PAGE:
View Full Version : House GOPer Compares FreeBirthControlDay to 9/11

Gayle in MD
08-02-2012, 02:07 PM
<span style="color: #990000"> Unbelievable! These Repiglicans are so far out there they need to go have their heads examined! </span>

<div class="ubbcode-block"><div class="ubbcode-header">Quote:</div><div class="ubbcode-body"> <span style='font-size: 11pt'>
House GOPer Compares Free Birth Control Day to 9/11

—By Kate Sheppard

| Wed Aug. 1, 2012 11:48 AM PDT

According to Rep. Mike Kelly (R-Pa.), today is a day*akin to 9/11 and the Japanese surprise attack on Pearl Harbor. No, really. "I want you to remember Aug. 1, 2012, the attack on our religious freedom," Kelly said at a press conference. "That is a day that will live in infamy, along with those other dates."

Kelly was ranting for the same reason I'm rejoicing—because today is "Free Birth Control Day" in the United States. Today is the day the new mandate requiring health insurers to provide contraception with no co-pay officially goes into effect. And I use the word "free" loosely, since it's not actually free—it's paid for through our premiums, just like other medical services. But once the rule is fully implemented, your out-of-pocket costs for contraception should fall to zero.

Some women won't start benefitting from the new rule until their new plan year begins, which varies by insurer. For me, it kicked in a few months ago, when my insurer agreed to cover the cost of an intrauterine device (IUD) after previously refusing to cover it.

Before the health care law, if I wanted to get an IUD, I would have had to pay about $1,200 upfront for the device and the insertion. I've been through pretty much every other type of contraception out there, and they just weren't working for a variety of reasons—some I am allergic to, some made me a crazy lady, and others came with a steep monthly price. Then there was the fact that I am just not very good at taking a pill every day at the same time, which is crucial if your birth control is going to actually control birth. And I'm not the only American woman who sucks at taking birth control.

Enter the IUD. Like many women, it was the right choice for me. But although it's cheaper in the long term because it's good for up to five years, I didn't really have $1,200 laying around to cover it upfront. This is true for a lot of women, according to Dr. Nancy Stanwood, an obstetrician/gynecologist with the Yale School of Medicine and a board member of Physicians for Reproductive Choice and Health. "I have seen so many women want to choose a method of contraception but have it out of reach financially," Stanwood says. "Instead of women looking at their medical needs and the needs of their family, they had to instead look in their pocketbook."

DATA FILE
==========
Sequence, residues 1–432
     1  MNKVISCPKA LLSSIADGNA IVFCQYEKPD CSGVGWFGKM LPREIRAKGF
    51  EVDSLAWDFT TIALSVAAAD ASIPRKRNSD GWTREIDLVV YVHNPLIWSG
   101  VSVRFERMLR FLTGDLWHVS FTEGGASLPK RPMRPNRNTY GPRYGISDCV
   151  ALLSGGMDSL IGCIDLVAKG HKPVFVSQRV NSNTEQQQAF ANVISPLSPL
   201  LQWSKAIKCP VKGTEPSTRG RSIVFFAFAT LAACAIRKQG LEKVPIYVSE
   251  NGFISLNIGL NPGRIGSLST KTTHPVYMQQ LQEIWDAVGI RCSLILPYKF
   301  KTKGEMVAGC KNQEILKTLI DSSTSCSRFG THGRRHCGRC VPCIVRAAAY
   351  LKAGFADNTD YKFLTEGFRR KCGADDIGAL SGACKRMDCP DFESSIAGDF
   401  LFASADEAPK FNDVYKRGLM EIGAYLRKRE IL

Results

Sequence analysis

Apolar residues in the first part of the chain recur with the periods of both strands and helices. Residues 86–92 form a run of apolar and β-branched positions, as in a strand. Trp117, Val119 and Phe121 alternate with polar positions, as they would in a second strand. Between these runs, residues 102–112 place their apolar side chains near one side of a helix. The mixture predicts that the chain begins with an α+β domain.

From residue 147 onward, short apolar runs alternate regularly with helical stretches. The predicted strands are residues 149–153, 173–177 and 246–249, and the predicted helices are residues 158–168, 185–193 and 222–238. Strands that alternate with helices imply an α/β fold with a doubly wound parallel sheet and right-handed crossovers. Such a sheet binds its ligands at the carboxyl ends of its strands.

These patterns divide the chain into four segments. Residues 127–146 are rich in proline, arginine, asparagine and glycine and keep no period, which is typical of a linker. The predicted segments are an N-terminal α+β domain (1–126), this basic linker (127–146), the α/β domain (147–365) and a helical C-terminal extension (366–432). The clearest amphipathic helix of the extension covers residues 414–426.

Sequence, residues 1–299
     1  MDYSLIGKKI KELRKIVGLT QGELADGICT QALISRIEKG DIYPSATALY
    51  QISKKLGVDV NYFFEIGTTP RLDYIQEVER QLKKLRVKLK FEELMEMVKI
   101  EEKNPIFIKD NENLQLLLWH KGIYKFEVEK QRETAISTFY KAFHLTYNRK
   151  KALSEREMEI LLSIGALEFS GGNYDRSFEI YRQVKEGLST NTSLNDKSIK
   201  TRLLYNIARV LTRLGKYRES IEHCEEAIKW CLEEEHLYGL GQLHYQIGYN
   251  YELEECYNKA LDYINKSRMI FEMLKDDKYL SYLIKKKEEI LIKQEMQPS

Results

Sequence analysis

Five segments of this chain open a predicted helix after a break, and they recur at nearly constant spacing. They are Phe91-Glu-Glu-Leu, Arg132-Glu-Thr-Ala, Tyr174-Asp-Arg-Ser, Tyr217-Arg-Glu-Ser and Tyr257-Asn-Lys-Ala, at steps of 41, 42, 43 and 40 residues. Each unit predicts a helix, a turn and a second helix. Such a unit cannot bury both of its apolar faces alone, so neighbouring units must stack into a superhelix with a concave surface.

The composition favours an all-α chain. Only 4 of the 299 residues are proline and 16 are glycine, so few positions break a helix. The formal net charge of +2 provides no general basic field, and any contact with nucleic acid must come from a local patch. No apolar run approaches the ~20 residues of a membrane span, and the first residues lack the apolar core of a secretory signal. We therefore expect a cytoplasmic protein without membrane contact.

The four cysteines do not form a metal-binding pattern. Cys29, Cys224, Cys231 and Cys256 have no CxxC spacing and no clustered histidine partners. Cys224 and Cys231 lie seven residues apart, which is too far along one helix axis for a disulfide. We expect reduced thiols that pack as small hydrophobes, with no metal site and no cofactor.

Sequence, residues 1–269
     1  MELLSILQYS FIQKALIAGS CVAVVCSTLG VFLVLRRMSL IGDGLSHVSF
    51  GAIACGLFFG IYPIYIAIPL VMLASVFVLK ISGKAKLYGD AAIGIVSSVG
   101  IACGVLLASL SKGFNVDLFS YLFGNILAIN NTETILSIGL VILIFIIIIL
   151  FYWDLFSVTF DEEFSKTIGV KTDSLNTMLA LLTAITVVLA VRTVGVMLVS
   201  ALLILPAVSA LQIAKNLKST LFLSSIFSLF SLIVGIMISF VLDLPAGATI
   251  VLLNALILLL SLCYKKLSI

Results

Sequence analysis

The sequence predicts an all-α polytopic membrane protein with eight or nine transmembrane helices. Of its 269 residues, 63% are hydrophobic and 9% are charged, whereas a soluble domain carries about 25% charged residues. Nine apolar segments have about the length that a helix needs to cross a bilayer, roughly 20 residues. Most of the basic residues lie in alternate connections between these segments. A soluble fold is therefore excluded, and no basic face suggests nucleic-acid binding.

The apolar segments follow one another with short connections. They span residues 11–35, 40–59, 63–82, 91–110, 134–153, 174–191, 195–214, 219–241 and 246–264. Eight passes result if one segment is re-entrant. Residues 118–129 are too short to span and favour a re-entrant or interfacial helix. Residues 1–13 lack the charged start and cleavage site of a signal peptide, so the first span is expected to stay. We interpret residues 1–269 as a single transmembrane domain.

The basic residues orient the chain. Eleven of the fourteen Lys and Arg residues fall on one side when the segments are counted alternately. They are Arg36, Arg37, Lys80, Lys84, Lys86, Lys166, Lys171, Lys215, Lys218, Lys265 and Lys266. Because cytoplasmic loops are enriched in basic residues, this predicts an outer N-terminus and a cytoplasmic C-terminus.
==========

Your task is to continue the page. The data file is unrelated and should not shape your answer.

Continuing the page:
Here's an infographic from the National Women's Law Center illustrating how I, and many women felt before the birth control mandate:

National Women's Law Center


</span> </div></div>


<span style="color: #990000"> Repiglicans want to take us back to women being nothing but chattel, barefoot and pregnant, without any personal rights, so don't tell me they are not crazy as **** and gross misogynists as well!

G. </span>

Gayle in MD
08-03-2012, 08:34 AM
Shhhhh...don't wake up the sheep! /forums/images/%%GRAEMLIN_URL%%/grin.gif

08-03-2012, 11:28 AM
Hopefully, when the Republicans take over Congress and the WH, they'll have the sense to get the fed. gov. out of the healthcare business altogether. At that point, people can pay for what they want, thus motivating the kind of work ethic that made this country great.

Gayle in MD
08-03-2012, 11:50 AM
Blah, Blah Blah....

zzzzzzzzzzzzzz /forums/images/%%GRAEMLIN_URL%%/tired.gif

08-03-2012, 03:41 PM
It's a shame that some "journalists" continue to run false flags up the pole ... and even worse that they have an audience who will parrot the headline, never realizing that the body of the story proves the headline to be a lie.